• all diagonal elements are equal to the sum of the off-diagonal elements
  • and at least one entry in the matrix has to have a larger diaganal value compared to the sum of the off-diagonals

The linear solvers work much better if we do have a diagonal-dominant matrix. By the way, e.g., for the pressure field we commonly do have a field relaxation. However, if you switch on the transonic option, you can see in the pEqn.H of pimpleFoam for example, that the pressure equation can be relaxed in addition.

So far so good. However, this is not the full story. Just imagine that you have the equation:
Ax = b

And you add something to the RHS, you also do have to make it equally on the LHS to get the correct solution:
Ax + W = b + W

Hence, as we change the diagonal elements of the matrix, we have to incorporate this change to the RHS (the solution vector b) too. This leads in fact to an increase of the explicit part in b which - could lead - to more outer iterations as we have to converge the explicit part too.


Therefore, matrix relaxation is primarily used to support our linear solver but will make the equation more explicit. So it is a con and pro topic. However, better to have more explicit part and one has to make 4 more outer loops than ignoring the criterion for the linear solvers and the solution will just crash all the time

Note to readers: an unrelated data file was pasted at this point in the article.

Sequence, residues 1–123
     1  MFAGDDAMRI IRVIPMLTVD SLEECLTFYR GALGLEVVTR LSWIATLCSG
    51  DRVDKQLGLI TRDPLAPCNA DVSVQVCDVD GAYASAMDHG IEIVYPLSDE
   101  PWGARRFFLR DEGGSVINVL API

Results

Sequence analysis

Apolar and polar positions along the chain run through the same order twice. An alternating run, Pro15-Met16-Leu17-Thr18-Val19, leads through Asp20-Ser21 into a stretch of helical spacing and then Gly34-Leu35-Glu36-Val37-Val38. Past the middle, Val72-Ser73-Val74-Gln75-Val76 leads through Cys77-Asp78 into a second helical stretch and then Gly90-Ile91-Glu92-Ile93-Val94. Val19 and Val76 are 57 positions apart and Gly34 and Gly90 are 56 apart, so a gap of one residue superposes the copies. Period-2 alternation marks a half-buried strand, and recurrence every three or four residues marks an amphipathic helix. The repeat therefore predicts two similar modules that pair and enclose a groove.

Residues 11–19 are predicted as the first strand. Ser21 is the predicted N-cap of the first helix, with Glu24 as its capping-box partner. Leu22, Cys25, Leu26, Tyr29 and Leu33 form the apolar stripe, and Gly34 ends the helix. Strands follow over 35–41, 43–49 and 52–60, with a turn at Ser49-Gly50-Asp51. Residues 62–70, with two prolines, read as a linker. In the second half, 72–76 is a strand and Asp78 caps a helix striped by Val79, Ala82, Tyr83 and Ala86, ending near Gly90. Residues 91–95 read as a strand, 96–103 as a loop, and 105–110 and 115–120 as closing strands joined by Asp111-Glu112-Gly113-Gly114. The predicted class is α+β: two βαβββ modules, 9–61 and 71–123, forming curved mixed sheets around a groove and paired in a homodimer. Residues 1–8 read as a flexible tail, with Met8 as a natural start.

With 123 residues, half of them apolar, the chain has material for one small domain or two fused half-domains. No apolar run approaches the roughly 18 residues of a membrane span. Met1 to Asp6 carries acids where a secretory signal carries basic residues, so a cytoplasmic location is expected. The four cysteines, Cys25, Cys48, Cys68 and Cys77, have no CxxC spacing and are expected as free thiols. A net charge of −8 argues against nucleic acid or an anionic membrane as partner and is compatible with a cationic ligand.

**** The above given information is not the complete story but it is a good summary ****

More information can be found in the source code primarly in the fvMatrix class.
__________________
Keep foaming,
Tobias Holzmann
Tobi is offline   Reply With Quote

Old   May 30, 2021, 10:57
Default
  #7
Member
 
Lourenšo SM
Join Date: Jul 2014
Location: Lisboa, Portugal
Posts: 36
Rep Power: 10
lourencosm is on a distinguished road
Quote:
Originally Posted by tomf View Post
Hi,

It depends on the solver. Sometimes the equations are relaxed, sometimes the fields. For simpleFoam U is relaxed on the equation, p on the field. For safety you can include a
Code:
default 0
into the subDicts, which will give an error if you have not defined a particular factor.

Example:

Code:
relaxationFactors
{
    fields
    {
        default        0;
        p               0.3;
//         U               0.7;
    }
    equations
    {